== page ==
Coagulation parameters measured by viscoelastic testing

Coagulation parameter measuredROTEMTEG
Coagulation proteins (contact and/or tissue factor pathways) Clotting time R value (reaction time) 
Thrombin and fibrin generation; fibrin cross-linking α angle and clot formation time K value and α angle 
Platelet binding of fibrin and cross-linking by factor XIII Maximum clot firmness Maximum amplitude 
Fibrinolysis Clot lysis LY30 (lysis at 30 min) 
Coagulation parameter measuredROTEMTEG
Coagulation proteins (contact and/or tissue factor pathways) Clotting time R value (reaction time) 
Thrombin and fibrin generation; fibrin cross-linking α angle and clot formation time K value and α angle 
Platelet binding of fibrin and cross-linking by factor XIII Maximum clot firmness Maximum amplitude 
Fibrinolysis Clot lysis LY30 (lysis at 30 min) 

Various reagents in both TEG and ROTEM can evaluate both the contact and tissue factor pathways. Both TEG and ROTEM have heparinase-containing reagents for use in patients on heparin. Obviously, these heparinase-containing tests cannot be used to measure heparinization but can remove the heparin effect to evaluate the other clotting factors. The maximal clot firmness (MCF; ROTEM) and maximum amplitude (MA; TEG) are affected by platelet quality and quantity, fibrinogen, and factor XIII. A study of neonates on cardiopulmonary bypass found that Extem A10 (clot firmness 10 minutes after clotting time [CT], an early and accurate predictor of Extem MCF 0.99) correlated with platelet count (R = 0.89) and that A10 of >46.5 had a 88% sensitivity and specificity for identifying patients with platelet count >100 000 platelets per microliter.18  Discriminating between decreased platelet function and decreased platelet count based on MA or MCF alone is nearly impossible, though it is thought that ROTEM and TEG are more sensitive to platelet count than function. In vitro, platelets inhibited by abciximab (a monoclonal antibody that blocks glycoprotein IIbIIIa) showed decreased clot strength compared with noninhibited platelets; however, a sample with a platelet count of ∼225 000 platelets per microliter inhibited by abciximab had approximately the same MA as a sample of noninhibited platelets at a concentration of 40 000/µL.19 

TEG also has platelet mapping (TEG-PM) reagents, which evaluates clot formation using ADP or arachidonic acid (AA) to assess platelet responsiveness in patients on P2Y12 inhibitors or cyclooxygenase inhibitors, respectively.15  ROTEM does not have the equivalent reagents, but does include a nonactivated test that can ostensibly be customized to mimic TEG-PM. Additionally, ROTEM has a reagent (Fibtem; TEM International GmbH) that contains cytochalasin D, a platelet inhibitor, which distinguishes the contribution of platelets from that of fibrinogen to the clot strength. The Fibtem MCF is specific for the contributions of fibrinogen and factor XIII, whereas the Pltem (TEM International GmbH) MCF (Extem MCF − Fibtem MCF; TEM International GmbH) is specific for platelet contributions to the clot strength.18,20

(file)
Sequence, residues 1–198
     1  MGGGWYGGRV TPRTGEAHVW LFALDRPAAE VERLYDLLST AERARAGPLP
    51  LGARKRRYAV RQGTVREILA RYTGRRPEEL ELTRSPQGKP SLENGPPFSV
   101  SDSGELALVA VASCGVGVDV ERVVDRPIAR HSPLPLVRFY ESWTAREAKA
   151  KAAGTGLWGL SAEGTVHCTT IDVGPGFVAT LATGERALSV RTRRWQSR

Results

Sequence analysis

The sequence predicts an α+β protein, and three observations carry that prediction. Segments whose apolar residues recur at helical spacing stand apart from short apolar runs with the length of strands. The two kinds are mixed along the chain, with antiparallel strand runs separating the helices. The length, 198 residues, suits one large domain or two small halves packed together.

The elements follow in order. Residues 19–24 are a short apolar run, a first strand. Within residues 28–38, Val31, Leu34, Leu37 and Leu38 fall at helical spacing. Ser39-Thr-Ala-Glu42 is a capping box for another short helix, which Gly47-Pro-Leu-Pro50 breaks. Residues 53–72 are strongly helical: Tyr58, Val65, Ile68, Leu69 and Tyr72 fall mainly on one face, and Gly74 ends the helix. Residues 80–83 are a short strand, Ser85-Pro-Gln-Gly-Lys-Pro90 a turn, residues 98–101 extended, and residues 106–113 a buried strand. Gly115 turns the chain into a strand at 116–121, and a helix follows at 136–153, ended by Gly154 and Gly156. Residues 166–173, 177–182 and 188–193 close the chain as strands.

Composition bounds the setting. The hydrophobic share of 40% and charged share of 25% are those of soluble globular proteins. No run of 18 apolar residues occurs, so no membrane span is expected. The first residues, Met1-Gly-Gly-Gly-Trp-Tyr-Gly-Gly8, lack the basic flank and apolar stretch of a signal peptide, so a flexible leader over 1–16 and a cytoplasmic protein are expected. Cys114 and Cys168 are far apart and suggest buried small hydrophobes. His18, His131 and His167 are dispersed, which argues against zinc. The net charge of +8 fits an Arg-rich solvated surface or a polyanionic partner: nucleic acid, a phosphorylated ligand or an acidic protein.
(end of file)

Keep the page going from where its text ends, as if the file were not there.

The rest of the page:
Whole-blood platelet aggregometry

Whole-blood aggregometry (WBA), or impedance aggregometry, has 2 electrodes and an electrical current flows between them. Whole-blood samples anticoagulated with either sodium citrate or hirudin are stirred and warmed to 37°C. After a platelet agonist is added, the platelets activate and aggregate to each other and the electrodes, thereby impeding the flow of the electrical current.21  This impedance is measured by the instrument and translated into “aggregation units,” which are measured over time. The area under this curve (AUC) encompasses the lag time until aggregation begins, maximum velocity, and maximum aggregation units and is considered the most clinically relevant predictive value.22  Agonists such as ADP or AA can detect inhibition by antiplatelet medications.22,23  Heparinization up to a concentration of 20 U/mL has no effect on WBA measurements; however, protamine appears to reduce aggregation.24,25  It is uncertain whether protamine reduces aggregation both in vitro and in vivo or whether the highly positively charged peptide interferes with the electrical measurements used by the test.25,26 

Guiding anticoagulation and antiplatelet therapies

Anticoagulation strategies for patients on ECMO differ from those for patients on VADs. In patients on VADs, the balance between bleeding and clotting is a difficult one to achieve.27  Most antithrombotic protocols for patients on VADs include an anticoagulant (UFH, LMWH, or warfarin) and antiplatelet therapy (ASA monotherapy in adults or ASA and dipyridamole and/or clopidogrel in pediatric patients). Unfortunately, with many of these medications, a one-size-fits-all dosing regimen does not work, and doses need to be titrated based on response. The majority of trials in adult patients use aPTT to monitor UFH, anti-Xa levels to monitor LMWH, and INR to monitor warfarin.28  In most adult trials, antiplatelet medications were not adjusted based on platelet function testing.28,29  In pediatric patients, the most commonly used protocols use standard testing, anti-Xa level, or aPTT to monitor UFH, or alternatively suggest maintaining a TEG kaolin R time between 8 and 15 minutes.30-32  It also uses the TEG MA as a threshold for starting antiplatelet medications as well as TEG-PM to adjust the dose to ensure at least 70% inhibition with AA and a G (measure of clot strength) <8 in response to ADP.30,31